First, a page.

Locked Up, Locked Down
When hominids first stood up it was to extend their vision and see farther afield, increasing their operational space, and modifying their brains in the process. While safety required shelter at night, daytime activities were devoted to nomadic survival in the outdoors. Small bands formed to sustain livelihood, offer protection, cooperate in the hunt, until farming and sedentary living caused them to stop roaming and build compounds–– if I may be permitted such radical shortcuts in our prehistoric narrative. The point is that such is our heritage: we are social animals and we live in interdependent groups.
In 2020-21, the established order went topsy-turvy for many: no longer together, confined indoors, with drastically changed activities. The distancing from others seemed to go against nature and for children and adolescents, unattached people, the unemployed, prolonged confinement magnified the unease and misery generated by the initial isolation. Those who suffered the most have been the elderly, locked down in long term care homes, unable to receive visitors and see their families, unfamiliar with electronic communication systems, often kept under conditions that have long be the shame of our society and its institutions. Many––the overwhelming majority of the national death toll–– have died painfully and alone, not understanding why it had to be so.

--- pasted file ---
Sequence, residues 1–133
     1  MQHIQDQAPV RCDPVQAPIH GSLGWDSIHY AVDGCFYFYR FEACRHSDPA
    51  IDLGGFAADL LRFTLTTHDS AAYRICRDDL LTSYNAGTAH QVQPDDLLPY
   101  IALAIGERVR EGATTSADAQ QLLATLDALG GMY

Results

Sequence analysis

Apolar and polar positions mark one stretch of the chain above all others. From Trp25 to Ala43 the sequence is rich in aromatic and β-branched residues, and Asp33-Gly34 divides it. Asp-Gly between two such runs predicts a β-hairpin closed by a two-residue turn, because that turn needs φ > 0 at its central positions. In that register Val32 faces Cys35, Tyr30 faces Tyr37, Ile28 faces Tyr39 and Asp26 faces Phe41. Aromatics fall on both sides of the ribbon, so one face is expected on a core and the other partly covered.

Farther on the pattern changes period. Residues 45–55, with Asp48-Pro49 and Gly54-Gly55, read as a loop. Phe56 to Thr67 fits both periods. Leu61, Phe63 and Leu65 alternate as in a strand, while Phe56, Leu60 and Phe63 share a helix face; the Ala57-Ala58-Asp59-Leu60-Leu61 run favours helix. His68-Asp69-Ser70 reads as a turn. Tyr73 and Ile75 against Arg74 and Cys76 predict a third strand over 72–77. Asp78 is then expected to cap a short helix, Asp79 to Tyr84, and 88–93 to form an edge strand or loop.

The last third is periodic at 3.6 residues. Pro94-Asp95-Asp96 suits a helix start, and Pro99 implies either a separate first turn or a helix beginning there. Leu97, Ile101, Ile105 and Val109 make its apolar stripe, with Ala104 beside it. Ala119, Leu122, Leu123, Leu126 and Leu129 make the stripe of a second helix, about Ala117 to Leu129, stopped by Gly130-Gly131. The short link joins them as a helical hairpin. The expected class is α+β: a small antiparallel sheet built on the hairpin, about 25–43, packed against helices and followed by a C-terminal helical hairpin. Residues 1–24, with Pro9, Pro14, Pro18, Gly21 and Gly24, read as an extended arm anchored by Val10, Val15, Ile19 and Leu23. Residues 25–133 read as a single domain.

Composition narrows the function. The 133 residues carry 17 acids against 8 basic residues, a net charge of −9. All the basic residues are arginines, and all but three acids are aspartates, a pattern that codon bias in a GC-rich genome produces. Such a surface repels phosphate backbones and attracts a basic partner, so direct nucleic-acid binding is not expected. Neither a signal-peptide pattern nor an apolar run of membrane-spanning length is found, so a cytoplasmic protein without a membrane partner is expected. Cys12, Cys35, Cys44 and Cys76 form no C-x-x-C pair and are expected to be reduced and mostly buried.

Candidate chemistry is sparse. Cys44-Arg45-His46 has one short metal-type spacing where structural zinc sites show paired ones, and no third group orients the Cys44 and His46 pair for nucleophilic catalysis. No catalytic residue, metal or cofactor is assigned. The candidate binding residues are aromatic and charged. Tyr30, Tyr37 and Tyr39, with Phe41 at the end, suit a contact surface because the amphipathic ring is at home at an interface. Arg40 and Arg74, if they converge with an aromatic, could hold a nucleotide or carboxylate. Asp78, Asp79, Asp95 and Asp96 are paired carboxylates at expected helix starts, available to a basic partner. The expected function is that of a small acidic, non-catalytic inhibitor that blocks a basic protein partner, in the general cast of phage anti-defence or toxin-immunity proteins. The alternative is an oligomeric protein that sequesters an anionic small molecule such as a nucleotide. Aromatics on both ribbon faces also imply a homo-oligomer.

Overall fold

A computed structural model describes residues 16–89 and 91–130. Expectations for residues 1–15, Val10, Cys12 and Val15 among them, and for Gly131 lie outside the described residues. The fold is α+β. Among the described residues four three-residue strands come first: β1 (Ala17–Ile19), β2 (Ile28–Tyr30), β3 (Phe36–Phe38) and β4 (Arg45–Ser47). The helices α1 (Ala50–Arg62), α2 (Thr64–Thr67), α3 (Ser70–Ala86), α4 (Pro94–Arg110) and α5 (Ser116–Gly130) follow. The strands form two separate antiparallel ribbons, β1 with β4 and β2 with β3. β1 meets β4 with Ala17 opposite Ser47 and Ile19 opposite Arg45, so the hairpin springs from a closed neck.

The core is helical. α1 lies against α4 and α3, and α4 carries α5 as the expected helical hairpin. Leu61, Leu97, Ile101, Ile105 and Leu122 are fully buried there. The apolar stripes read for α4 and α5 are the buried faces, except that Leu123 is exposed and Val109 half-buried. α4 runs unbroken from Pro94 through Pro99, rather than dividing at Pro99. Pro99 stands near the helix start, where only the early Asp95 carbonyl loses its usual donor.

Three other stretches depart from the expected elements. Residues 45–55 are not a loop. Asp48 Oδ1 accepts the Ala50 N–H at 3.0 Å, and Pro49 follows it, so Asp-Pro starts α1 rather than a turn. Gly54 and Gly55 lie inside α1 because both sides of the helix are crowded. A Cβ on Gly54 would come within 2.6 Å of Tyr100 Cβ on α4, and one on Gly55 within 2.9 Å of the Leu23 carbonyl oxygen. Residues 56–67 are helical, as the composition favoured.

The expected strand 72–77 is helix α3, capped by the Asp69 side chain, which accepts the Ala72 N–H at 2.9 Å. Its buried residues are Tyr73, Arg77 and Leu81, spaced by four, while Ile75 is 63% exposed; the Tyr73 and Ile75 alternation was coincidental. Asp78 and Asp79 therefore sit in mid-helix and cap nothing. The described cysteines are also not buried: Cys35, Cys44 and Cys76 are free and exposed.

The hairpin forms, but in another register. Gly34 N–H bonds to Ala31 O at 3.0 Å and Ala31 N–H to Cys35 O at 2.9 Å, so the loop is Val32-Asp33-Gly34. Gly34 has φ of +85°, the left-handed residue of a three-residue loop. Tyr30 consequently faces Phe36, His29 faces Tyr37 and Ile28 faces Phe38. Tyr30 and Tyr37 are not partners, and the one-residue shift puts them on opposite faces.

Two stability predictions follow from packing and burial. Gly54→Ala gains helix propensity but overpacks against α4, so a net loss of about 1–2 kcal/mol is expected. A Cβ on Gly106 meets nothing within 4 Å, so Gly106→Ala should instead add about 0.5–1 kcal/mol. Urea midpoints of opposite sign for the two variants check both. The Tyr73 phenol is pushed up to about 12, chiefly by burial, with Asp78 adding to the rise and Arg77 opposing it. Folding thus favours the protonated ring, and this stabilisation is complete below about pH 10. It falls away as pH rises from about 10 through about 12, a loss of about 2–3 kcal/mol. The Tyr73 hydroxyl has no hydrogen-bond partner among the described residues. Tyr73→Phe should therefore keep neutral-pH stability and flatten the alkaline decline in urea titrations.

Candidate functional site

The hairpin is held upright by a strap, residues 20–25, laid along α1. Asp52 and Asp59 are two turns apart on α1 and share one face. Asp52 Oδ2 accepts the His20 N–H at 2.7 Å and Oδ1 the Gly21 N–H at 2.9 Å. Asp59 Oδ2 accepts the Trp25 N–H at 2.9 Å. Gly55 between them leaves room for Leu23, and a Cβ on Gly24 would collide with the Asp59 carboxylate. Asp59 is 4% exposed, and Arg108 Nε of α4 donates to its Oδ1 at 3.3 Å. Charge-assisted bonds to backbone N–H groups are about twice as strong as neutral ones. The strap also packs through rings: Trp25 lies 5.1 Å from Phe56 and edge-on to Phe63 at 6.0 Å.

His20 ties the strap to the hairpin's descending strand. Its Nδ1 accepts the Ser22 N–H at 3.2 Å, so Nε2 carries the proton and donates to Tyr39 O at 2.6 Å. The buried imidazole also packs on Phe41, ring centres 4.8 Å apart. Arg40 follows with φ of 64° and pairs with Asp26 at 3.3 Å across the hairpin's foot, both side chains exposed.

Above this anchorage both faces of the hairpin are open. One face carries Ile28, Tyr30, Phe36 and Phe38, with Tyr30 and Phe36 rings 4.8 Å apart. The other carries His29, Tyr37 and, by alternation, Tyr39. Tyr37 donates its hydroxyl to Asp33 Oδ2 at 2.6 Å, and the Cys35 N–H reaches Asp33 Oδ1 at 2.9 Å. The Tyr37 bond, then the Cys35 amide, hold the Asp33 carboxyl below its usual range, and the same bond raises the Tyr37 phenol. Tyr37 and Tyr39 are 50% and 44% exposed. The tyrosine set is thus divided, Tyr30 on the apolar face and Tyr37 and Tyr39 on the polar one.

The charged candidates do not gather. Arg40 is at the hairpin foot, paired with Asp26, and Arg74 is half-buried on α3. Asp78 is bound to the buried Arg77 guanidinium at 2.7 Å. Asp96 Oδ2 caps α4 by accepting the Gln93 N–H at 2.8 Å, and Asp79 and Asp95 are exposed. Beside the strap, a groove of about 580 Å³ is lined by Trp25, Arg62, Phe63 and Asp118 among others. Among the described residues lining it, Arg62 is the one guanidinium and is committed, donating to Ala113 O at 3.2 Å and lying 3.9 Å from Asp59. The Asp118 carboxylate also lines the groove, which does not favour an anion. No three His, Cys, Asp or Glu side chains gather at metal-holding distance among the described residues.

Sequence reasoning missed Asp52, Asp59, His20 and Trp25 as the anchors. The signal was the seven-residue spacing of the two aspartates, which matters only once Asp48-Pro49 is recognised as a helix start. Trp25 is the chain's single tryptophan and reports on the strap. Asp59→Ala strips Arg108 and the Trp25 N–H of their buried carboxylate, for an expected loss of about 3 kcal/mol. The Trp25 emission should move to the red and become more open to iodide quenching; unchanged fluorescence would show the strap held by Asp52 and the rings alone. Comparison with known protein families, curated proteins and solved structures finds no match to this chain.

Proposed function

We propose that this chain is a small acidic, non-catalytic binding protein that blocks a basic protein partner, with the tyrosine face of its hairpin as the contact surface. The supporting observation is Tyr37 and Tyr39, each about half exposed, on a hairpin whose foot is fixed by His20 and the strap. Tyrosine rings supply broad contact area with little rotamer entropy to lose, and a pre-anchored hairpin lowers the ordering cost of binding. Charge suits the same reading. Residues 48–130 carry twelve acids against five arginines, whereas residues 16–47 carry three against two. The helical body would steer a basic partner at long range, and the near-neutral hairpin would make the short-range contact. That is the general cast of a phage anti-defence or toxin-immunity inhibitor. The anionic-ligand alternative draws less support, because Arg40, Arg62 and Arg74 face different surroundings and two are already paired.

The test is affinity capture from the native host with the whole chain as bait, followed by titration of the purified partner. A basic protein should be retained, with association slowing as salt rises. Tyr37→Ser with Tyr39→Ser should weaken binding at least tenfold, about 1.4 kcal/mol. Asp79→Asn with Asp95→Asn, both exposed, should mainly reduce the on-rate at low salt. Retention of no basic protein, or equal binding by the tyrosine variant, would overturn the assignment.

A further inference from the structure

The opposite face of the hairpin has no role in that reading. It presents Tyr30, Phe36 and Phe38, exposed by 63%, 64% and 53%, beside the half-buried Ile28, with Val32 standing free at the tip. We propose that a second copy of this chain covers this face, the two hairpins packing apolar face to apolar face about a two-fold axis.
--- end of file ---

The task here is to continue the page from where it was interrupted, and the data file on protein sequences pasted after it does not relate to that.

The consequences of isolation varied, although there was general alert to the mental health problems it may cause or intensify, particularly for those who often bear the brunt of familial, social, and economic changes. In Japan, for instance, during this last year of the pandemic suicides grew by 14 percent among women. It is true that the Japanese have a different cultural view of suicide than we do in the West: rather than being deemed a sin or experienced as a heartbreaking stigma for the family or a tragic failure for the individual, it is more likely to be accepted as an honourable way out of a situation deemed unbearable. We are slowly rallying around this notion when seeing it as an end of life choice, but still balk at accepting it as a solution for the burden of life. In this case, the Japanese Prime Minister saw the increase important enough to create in February 2021 a Ministry of Solitude and Isolation.